Not everyone can afford fancy restaurants, but, thankfully, you can tag along and feel like you’re in the know about fine dining just by keeping up with the food-centric content on Netflix. Here are eight gems to watch.
Haven’t binge-watched all three seasons of this Emmy-nominated series yet? The Netflix original is the ultimate in food porn, featuring renowned chefs like Francis Mallmann and Dominique Crenncooking up mouthwatering dishes and divulging secrets about their restaurants.
Most people associate Nathan’s Famous with the annual Nathan's Famous Fourth of July International Hot Dog Eating Contest. This doc strips back further layers of the brand, which has been a Coney Island favorite since 1916. It’s a wonderfully warm, informative and interesting look at the original location of what’s now an international hot dog chain.
Directed by David Gelb—who oversaw several episodes of Chef’s Table—this gorgeous film follows Jiro Ono, an 91-year-old sushi master and owner of Tokyo’s Sukiyabashi Jiro. The 10-seat sushi bar, which has three Michelin stars, is located in a subway station.
In this deep dive into Chinese food in America, King Corn’s Ian Cheney takes an in-depth look at the man, the myth and the menu favorite. The stunning visuals and palatable, easy-to-digest historical info will have you reaching for that stash of take-out menus in no time.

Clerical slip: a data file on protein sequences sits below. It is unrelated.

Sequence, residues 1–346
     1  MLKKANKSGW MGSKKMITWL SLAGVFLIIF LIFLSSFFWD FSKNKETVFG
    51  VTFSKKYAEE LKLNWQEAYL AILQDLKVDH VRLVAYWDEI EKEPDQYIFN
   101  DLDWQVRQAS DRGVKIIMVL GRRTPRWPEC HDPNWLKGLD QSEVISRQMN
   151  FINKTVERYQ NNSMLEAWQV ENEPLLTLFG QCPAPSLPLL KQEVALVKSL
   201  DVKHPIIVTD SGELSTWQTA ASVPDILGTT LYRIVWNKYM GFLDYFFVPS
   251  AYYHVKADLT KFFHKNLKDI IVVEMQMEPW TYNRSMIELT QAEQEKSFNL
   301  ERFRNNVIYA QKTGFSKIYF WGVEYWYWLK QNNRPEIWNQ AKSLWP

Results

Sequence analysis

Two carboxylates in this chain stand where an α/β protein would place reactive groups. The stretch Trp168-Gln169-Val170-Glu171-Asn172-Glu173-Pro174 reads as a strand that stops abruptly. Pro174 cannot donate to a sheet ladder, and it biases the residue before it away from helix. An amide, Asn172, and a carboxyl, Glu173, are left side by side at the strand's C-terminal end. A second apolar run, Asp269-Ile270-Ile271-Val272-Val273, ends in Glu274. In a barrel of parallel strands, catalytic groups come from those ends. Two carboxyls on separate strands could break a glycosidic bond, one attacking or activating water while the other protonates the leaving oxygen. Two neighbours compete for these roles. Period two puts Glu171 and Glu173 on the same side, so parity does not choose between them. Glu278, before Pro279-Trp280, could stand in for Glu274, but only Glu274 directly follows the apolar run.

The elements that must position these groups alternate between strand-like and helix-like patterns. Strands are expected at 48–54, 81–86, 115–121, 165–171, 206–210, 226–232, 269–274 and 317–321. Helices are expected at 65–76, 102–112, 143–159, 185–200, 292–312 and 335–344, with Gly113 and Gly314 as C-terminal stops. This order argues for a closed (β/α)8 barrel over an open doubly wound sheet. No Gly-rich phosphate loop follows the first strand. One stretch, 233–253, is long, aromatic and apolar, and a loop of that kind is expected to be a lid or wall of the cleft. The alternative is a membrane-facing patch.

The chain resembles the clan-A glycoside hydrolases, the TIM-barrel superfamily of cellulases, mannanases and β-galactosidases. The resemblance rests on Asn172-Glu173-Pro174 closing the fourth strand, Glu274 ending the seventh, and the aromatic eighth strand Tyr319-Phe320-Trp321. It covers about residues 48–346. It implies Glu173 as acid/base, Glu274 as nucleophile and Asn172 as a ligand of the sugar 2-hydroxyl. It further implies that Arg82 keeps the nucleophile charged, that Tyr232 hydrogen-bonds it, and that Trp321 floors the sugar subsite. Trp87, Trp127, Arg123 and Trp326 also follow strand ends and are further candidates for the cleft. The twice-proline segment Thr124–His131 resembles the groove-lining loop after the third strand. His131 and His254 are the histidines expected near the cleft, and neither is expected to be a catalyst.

You don’t have to be a wine connoisseur to enjoy this film—but you do need to be one if you plan to be a master sommelier. This doc shadows four men working to achieve that very status, which few earthly souls ever attain.
If Phil Rosenthal doesn’t look familiar, it’s because he’s usually working behind the scenes. But this 2016 James Beard Award winner proves that the creator of Everybody Loves Raymond is just as entertaining on-screen as he travels the world to sample new foods.
Anthony Bourdain has a few binge-worthy food shows; this James Beard Award and Emmy winner combines cooking with science, travel and history. Just know he’s not actually the main focus; instead, he narrates the stories of rotating chefs, including David Chang, Sean Brock, Magnus Nilsson and Gabrielle Hamilton.
It may not be as appetizing as the others on our list, but Morgan Spurlock makes something bad something awesome—so awesome, in fact, that the film was nominated for an Oscar. And although it may be difficult to watch at times, the doc offers an enlightening and entertaining look at the filmmaker’s 30-day fast-food binge.